Persist your React State in the Browser

Persist your React State in the Browser

The Problem

Have you ever wanted to persist your React state in the browser? Have you ever created a long form and wished its data wouldn’t vanish when you refresh the page before you submit it?

well, I have too.

Brainstorming solutions

I’ve been thinking about this for a while.
Basically, you have to store the form data in the browser. There are a few ways to do this. There is localStorage, sessionStorage, and cookies. These work great for small amounts of data and simple forms. I wanted to build something that is robust, can handle variaty of data, and as simple as using useState hook in React.

That’s when I came across IndexedDB.

Did you know the browser has its own database? I mean not key:value pairs like localStorage, but an actual database that you can store and query data from!!


This is what the official MDN doc says about IndexedDB:

IndexedDB is a low-level API for client-side storage of significant amounts of structured data, including files/blobs. This API uses indexes to enable high-performance searches of this data. While Web Storage is useful for storing smaller amounts of data, it is less useful for storing larger amounts of structured data. IndexedDB provides a solution.

In simple terms, you can store large amounts of complex data and also query it quickly and efficiently just like you would with a database. Web storage would store small amounts (~10MB) of data in the form of strings upon which you cannot query.

And guess what? You can even store files and blobs in IndexedDB!

The Solution

If you look at the IndexedDB API documentation, you will see that it is fairly complex to setup and use. I wanted something that is as simple as using useState hook. Infact I want it to have same syntax and same ease of use as useState hook.

So I started building a simple library that will help you store and query your data in IndexedDB just as easily as you would with useState.

That’s how use-db-state was born.

Introducing use-db-state

use-db-state is a custom React hook that allows you to persist state in the browser using IndexedDB. It handles all the complexity of IndexedDB, giving you a simple and familiar interface to work with.

Let’s see how you can use it.


First, you need to install the library via npm:

npm install use-db-state


Here’s a simple example to get you started:

please go through the documentation for detailed explaination of the parameters

import React from ‘react’;
import { useDbState } from ‘use-db-state’;

const SimpleForm = () => {
const [value, setValue] = useDbState(‘formInput’, ”);

return (
<h1>Persisted Form</h1>
onChange={(e) => setValue(}
placeholder=”Type something…”
<p>Persisted Value: {value}</p>

export default SimpleForm;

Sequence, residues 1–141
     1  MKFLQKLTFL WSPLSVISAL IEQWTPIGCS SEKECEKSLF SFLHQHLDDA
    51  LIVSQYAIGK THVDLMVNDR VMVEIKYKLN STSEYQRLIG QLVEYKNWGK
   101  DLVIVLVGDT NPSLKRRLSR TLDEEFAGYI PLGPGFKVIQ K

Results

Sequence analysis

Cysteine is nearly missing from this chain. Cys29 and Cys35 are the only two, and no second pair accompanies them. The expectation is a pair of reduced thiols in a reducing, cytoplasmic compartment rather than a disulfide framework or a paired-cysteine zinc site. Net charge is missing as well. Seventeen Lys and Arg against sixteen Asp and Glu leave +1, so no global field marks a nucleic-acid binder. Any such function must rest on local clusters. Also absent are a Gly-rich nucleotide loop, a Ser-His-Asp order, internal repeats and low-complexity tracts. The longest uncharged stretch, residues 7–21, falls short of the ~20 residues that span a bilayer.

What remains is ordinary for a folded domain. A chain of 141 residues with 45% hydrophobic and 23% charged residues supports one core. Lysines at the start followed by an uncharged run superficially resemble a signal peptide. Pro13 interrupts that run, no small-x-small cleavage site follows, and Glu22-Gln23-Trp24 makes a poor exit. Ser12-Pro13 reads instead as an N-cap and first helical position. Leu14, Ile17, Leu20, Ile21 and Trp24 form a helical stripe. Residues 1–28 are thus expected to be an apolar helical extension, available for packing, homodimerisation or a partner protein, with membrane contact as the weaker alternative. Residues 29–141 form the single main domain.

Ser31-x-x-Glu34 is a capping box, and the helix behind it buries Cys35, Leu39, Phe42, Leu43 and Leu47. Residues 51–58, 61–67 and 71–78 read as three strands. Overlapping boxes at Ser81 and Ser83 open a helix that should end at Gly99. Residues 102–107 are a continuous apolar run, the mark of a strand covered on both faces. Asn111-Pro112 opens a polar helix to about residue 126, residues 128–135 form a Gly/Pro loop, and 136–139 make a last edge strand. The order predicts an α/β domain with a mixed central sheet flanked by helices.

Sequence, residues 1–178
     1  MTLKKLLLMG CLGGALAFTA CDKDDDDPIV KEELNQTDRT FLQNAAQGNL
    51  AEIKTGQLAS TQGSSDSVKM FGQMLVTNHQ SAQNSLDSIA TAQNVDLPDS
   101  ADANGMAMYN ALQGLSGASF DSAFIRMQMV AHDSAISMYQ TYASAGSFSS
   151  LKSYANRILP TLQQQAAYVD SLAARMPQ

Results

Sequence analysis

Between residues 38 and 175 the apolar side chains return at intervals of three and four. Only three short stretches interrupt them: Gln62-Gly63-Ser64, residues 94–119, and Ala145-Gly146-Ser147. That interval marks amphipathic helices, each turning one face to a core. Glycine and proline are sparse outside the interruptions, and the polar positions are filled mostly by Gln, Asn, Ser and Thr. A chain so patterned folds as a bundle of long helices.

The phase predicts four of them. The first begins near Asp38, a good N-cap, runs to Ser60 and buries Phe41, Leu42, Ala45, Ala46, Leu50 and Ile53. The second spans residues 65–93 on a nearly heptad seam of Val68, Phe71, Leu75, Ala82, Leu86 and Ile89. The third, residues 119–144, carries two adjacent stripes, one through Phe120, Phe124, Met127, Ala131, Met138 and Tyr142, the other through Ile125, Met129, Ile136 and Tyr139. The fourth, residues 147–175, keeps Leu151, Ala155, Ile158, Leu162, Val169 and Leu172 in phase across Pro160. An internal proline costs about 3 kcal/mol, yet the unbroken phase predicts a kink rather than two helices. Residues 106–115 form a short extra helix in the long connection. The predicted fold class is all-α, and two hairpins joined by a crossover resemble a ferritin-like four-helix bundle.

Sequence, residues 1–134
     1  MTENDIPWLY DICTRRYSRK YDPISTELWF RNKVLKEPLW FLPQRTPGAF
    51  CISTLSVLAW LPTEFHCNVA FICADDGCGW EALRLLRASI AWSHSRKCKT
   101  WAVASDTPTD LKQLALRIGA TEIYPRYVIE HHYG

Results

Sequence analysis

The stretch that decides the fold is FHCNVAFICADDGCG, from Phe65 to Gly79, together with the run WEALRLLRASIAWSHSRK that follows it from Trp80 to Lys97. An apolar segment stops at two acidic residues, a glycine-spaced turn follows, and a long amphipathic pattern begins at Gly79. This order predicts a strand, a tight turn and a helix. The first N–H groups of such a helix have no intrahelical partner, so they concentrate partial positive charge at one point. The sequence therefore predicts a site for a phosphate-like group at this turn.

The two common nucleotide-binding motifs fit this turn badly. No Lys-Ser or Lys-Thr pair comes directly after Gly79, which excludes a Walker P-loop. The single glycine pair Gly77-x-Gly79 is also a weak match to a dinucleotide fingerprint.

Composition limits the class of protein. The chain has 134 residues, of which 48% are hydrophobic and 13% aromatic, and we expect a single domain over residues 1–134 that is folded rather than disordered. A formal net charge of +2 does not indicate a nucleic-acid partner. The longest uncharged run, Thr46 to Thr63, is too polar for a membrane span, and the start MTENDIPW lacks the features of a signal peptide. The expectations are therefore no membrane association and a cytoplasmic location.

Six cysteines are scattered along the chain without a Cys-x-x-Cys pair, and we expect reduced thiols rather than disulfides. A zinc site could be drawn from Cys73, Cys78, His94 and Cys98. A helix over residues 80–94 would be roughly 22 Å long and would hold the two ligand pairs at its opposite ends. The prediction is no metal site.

In the example above, the input value is persisted in IndexedDB. Even if you refresh the page, the value will remain.

Going Deeper

But wait, there’s more! use-db-state also comes with a handy hook called useDbKeyRemover. This hook allows you to remove specific keys from IndexedDB.

Why is useDbKeyRemover Important?

When dealing with persisted state, there are situations where you may need to clean up or remove specific entries from your IndexedDB store. For instance:

Form Resets: After submitting a form, you might want to clear the saved input values to avoid stale data when the user revisits the form.

User Logout: On user logout, you might want to clear user-specific data from IndexedDB to ensure privacy and data security.

Data Updates: Sometimes, you need to remove outdated data to make way for new, updated data.
By using useDbKeyRemover, you can easily remove specific keys without having to deal with the low-level complexities of IndexedDB.

Here’s a more complex example demonstrating both useDbState and useDbKeyRemover:
please go through the documentation for detailed explaination of the parameters

Example: Form with Key Removal

import React from ‘react’;
import { useDbState, useDbKeyRemover } from ‘use-db-state’;

const FormWithKeyRemoval = () => {
const [name, setName] = useDbState(‘name’, ”);
const [email, setEmail] = useDbState(’email’, ”);
const removeKey = useDbKeyRemover();

const handleSubmit = (e) => {
console.log(‘Form submitted:’, { name, email });

return (
<h1>Form with Key Removal</h1>
<form onSubmit={handleSubmit}>
onChange={(e) => setName(}
onChange={(e) => setEmail(}
<button type=”submit”>Submit</button>

export default FormWithKeyRemoval;

When to Use use-db-state

use-db-state is perfect for scenarios where you need to persist state across page reloads or browser sessions. Some common use cases include:

Forms: Prevent users from losing their input data in case they accidentally refresh the page.

User Preferences: Persist theme, language, or other user settings.

Shopping Carts: Maintain cart contents between sessions.

Complex Forms: Save progress in multi-step forms.
And much more!!


Persisting state in the browser doesn’t have to be complex. With use-db-state, you can leverage the power of IndexedDB with the simplicity of useState. This library abstracts away the complexities, allowing you to focus on building great user experiences.

Give use-db-state a try in your next project and make state persistence a breeze!

Happy coding!

Feel free to reach out if you have any questions or need further assistance. You can find the full documentation on my GitHub repository.

If you found this article helpful, share it with your fellow developers and spread the word about use-db-state!

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